UN agencies flag online education pitfalls
Two UN agencies have warned against any large-scale shift towards online education, saying it would deepen socio-economic inequalities and warning that virtual platforms can leave children vulnerable to sexual exploitation.
The Unesco and Unicef advisories carry a huge significance for India, where the lockdown has triggered efforts to promote online teaching from primary school to universities, while long-term plans are being made for online modes of higher education.
Unesco, the UN’s education arm, has released key recommendations from an independent Futures of Education Commission, which said: “It is an illusion to think that online learning is the way forward for all.”
According to the commission, a shift towards remote, Web-based learning will deepen inequalities not just in the poor nations but also in the richer parts of the globe.
It has recommended that nations have their students “recommitting to teachers” for face-to-face learning after the lockdown, and warned about the threat to privacy that online transactions involve.
Teachers from several Indian universities and the IITs agreed with the committee’s views, stressing that in a country like India, a switch to online education would exclude poor students.
India’s human resource development ministry, however, wants to promote online education, which sources said would reduce the cost of education for the government, which constantly faces calls to raise its spending on education.
Online education also makes it easier for institutions to reach more students at a low cost. However, the quality of the education imparted online has always been a concern.
The University Grants Commission this month set up a committee under the Indira Gandhi National Open University vice-chancellor, Nageswar Rao, to suggest how to expand online academic transactions in higher education. The committee will hand in its report next week.
In 2018, the UGC had notified rules to allow the top universities to offer online degree courses in select disciplines, in the form of e-tutorials, e-content and assessment through proctored online exams. Only a handful of institutions have begun offering such courses, though.
The Rao committee is expected to suggest lowering the eligibility criterion for institutions and softening some of the other rules to enable more universities to offer online courses.
Last week, the HRD ministry had written to all the central universities asking whether they taught any course or part of a course online.
At the end of the questionnaire it asked them to suggest 10 steps they would be implementing after the lockdown ended – which was seen as a clear prod to offer online courses.
Amitabh Kundu, distinguished fellow at the Research and Information System (RIS), a foreign ministry think tank, said the online mode makes education unequal, given the inequalities in households’ access to electronic gadgets.
So, widespread online education would run counter to the ethos of education and the spirit of equality in the Constitution, he said.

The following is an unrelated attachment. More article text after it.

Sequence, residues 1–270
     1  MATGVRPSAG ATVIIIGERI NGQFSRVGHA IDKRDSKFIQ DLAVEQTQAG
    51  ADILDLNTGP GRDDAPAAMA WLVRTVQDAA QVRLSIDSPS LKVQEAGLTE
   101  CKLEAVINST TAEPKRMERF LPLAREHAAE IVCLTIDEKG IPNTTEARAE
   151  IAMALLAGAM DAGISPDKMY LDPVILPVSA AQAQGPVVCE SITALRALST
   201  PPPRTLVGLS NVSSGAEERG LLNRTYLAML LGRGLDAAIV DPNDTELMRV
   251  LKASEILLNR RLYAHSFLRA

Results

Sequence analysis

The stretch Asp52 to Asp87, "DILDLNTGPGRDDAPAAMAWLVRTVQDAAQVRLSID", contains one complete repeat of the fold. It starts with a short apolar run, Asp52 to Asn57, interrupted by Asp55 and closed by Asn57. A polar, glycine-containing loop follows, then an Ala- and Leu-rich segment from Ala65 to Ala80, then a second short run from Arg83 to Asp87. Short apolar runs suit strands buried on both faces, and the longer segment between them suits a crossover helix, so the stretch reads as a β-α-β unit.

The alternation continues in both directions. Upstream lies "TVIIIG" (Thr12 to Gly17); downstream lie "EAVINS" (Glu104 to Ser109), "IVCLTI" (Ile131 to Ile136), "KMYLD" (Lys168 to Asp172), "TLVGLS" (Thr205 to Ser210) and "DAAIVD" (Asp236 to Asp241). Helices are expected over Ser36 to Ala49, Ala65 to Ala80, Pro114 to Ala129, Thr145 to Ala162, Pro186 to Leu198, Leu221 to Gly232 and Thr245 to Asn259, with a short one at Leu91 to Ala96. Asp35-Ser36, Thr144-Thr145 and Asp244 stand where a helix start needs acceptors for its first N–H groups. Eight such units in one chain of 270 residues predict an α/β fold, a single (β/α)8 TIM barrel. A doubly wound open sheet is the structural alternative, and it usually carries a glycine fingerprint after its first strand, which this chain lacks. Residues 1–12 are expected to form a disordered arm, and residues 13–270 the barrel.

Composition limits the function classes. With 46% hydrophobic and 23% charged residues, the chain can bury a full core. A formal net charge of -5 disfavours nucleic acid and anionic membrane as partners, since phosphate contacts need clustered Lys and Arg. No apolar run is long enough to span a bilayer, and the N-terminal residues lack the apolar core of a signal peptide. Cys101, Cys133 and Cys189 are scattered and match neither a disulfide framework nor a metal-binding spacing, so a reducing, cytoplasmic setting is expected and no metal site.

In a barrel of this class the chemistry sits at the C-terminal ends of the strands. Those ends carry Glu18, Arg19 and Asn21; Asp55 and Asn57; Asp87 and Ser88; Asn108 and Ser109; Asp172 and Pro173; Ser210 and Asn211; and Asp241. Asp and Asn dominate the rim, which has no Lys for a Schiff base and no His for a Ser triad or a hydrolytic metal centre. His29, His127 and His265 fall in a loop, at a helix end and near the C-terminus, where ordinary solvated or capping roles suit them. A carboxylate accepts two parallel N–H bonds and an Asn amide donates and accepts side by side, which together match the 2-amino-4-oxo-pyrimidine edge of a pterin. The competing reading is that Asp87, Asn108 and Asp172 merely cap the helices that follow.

“Many students have not got computers or Internet access individually or through community sources. Unless the government creates access centres for all, the online mode should not be pushed beyond the period of (the Covid-19) emergency,” Kundu said.
According to “Strategy for New India @ 75”, a report published by the Niti Aayog in November 2018, Internet access in India is blighted by problems of quality and reliability.
The government has identified 55,000 villages that lack even mobile phone coverage. More important, digital literacy in India is estimated to be less than 10 per cent of the population.
A former vice-chancellor of a central university flagged the quality concerns, saying students of online degree courses might struggle to secure private-sector jobs in India or abroad.
Unicef, the UN arm that deals with children’s issues, has underlined that “the lives of millions of children have temporarily shrunk to just their homes and their screens” because of the pandemic.
“Spending more time on virtual platforms can leave children vulnerable to online sexual exploitation as predators capitalise on the Covid-19 pandemic,” a Unicef statement said.
The warning comes at a time the NCERT, which prepares school curriculaand textbooks, has worked out an alternative online academic calendar for schoolchildren.
School boards including the Central Board of Secondary Education have asked schools to engage with pupils and their parents online. Most private schools in India have begun online teaching through videoconferencing apps such as Zoom, Google Hangouts, etc.
Yet concerns remain about some of these apps, said to be afflicted by the problem of unauthorised entry. The central government has itself raised questions about the safety of Zoom.
“E-learning platforms need to be protected from private agencies and unauthorised people who can drop in unacceptable advertisements or other material,” Kundu cautioned.
“These can not only vitiate the real learning process but also encourage wrong value systems among the younger generation.”